A Sneak Peek At Husk Greenville
The first time I dined at Husk Charleston, a 9:00 reservation was the best I could do. We spent an hour in the next-door bar with beer and boiled peanuts, still plenty hungry when we were ushered to the main dining room. I quickly learned that while hunger is an obvious boon to any fine meal, it is especially important at Husk. The menu isn’t exactly light fare, and by 9:00 we wouldn’t have had it any other way: pimiento cheese, sausage, fried chicken, smearable pork rillettes in a jar. Let’s just say we made it worth our wait, waddling home to our Pinckney Street hotel around closing time.
Recently we chatted with Executive Chef Sean Brock and Chef de Cuisine Jon Buck about what to expect at Husk Greenville. What’s exciting is that, according to Chef Sean, the menu will be completely unlike the one we’ve seen in Charleston, yet we know we can expect the same hearty, rustic style. The primary difference, of course, is geography: while Chef Sean is inspired by Lowcountry cuisine at the flagship location, he’s excited to explore a radically different array of ingredients in the Upcountry. “It’s the Blue Ridge Mountains,” he says, “and that’s a completely different thing. I’m looking forward to our menu reflecting the Cherokee influence in the Upstate and am excited to explore traditional Cherokee cuisine.”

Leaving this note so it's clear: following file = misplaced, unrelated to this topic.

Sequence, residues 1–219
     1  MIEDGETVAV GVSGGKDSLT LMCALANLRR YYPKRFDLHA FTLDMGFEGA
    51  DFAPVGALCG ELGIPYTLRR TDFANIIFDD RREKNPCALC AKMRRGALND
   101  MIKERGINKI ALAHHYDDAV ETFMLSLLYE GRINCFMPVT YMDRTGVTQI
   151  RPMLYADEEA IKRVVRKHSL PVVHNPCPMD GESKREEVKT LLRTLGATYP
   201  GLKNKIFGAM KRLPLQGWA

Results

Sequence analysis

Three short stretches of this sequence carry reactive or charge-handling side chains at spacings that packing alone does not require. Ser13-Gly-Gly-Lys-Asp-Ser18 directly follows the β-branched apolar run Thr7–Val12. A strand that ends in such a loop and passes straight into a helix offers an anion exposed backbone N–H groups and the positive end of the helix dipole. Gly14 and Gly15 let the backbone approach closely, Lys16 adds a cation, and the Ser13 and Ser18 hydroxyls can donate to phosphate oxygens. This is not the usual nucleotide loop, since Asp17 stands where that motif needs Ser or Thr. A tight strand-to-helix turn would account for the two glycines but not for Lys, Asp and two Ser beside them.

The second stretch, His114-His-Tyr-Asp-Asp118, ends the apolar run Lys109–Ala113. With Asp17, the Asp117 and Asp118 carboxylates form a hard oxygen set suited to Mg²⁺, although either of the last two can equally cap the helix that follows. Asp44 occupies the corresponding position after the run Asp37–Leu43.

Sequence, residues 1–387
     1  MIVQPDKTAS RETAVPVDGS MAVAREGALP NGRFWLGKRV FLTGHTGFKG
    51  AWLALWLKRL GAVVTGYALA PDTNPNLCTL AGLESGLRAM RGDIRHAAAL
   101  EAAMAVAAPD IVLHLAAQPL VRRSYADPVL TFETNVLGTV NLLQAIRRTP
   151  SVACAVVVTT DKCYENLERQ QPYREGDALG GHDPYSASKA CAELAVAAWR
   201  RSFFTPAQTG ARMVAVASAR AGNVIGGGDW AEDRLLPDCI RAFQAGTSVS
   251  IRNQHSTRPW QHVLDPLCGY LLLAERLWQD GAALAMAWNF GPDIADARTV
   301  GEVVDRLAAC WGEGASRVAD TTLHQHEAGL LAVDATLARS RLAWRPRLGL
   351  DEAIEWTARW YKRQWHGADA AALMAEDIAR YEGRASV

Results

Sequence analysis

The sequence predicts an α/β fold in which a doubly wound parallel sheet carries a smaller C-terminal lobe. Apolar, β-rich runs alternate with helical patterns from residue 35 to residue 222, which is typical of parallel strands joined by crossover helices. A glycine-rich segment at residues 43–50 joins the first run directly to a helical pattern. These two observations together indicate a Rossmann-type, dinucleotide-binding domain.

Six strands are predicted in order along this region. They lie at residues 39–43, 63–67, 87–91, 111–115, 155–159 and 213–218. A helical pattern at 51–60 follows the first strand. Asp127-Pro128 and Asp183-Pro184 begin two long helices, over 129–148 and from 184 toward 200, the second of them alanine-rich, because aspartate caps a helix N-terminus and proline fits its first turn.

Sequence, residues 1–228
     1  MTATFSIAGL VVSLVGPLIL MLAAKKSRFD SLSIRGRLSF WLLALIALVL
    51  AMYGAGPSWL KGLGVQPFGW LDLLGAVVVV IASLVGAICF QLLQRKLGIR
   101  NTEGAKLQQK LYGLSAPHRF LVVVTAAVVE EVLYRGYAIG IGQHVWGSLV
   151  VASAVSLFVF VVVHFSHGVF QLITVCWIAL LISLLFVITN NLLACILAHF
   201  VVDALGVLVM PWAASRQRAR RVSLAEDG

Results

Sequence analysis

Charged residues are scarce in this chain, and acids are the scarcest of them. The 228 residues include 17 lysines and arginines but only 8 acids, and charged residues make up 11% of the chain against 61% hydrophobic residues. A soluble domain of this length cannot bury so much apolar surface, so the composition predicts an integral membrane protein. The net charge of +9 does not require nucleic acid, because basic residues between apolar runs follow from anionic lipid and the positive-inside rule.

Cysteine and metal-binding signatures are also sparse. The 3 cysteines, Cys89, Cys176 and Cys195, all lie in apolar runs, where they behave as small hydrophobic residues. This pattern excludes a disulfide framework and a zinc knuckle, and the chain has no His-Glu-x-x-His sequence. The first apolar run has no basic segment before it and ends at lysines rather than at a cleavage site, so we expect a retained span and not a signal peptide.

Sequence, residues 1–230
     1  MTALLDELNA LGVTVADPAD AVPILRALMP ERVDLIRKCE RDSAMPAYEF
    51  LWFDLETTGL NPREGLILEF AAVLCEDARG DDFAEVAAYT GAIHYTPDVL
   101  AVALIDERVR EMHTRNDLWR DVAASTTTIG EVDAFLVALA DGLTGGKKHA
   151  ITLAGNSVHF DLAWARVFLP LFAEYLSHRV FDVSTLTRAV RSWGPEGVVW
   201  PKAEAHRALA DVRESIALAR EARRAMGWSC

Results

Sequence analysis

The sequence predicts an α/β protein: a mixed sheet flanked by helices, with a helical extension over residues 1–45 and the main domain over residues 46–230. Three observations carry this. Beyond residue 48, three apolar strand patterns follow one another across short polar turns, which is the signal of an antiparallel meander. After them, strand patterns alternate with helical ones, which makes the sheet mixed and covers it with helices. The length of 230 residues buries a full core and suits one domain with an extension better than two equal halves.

So what does that mean? We expect to see a traditional Cherokee dish called “fry bread” incorporated into the menu, a puffy, crispy round bread that can be served alone, with honey, or as a base for any number of toppings. Cherokee cuisine relies heavily on wild game meats and corn, beans, and squash. Other delicacies include kanuchi (hickory nut balls combined with hominy into a soup) and grape dumplings (cooked in grape juice). We wouldn’t be surprised if these appear on the menu as well, as Chef Sean seems interested in reviving traditional dishes.
As we all know (and love to brag), the history of Upstate cuisine isn’t the only thing that sets us apart from Charleston. David Howard, President of the Neighborhood Dining Group, recognizes the opportunities Greenville in particular has to offer. “We are encouraged,” he says, “about the growth and the development of Greenville and the surrounding cities and having a chance to participate in it is exciting. You can definitely sense the enthusiasm and pride in the community. This is long-term commitment and investment on our part and we will patiently try and earn our place in the already established culinary community.”
So this isn’t just Husk 3.0 (there’s a Nashville location as well)—although that wouldn’t be such a bad thing, of course. But Howard explains, “We deliberately set out to and encourage each of our Husk Restaurants to have its own identity.” That means paying careful attention to the unique historic buildings that house each restaurant and to the personalities that will form the new Greenville team. The team is given creative license with the menu and décor, so they can come up with something truly new for Greenville. “We provide a lot of autonomy to the chefs and beverage management for that very reason,” says Howard. “Chef Sean and Chef Jon Buck are working closely on researching the foodways of this area and establishing the necessary relationships with farmers and vendors so that this Husk represents this community.”
The latest word is that the restaurant will open in November at 722 South Main Street. Andrea Ciavardini has been named General Manager and Joe Billesbach is Manager/Sommelier. When we say reservations are recommended, we mean it. But if you don’t get in until bedtime, just consider it an invitation to go really hungry.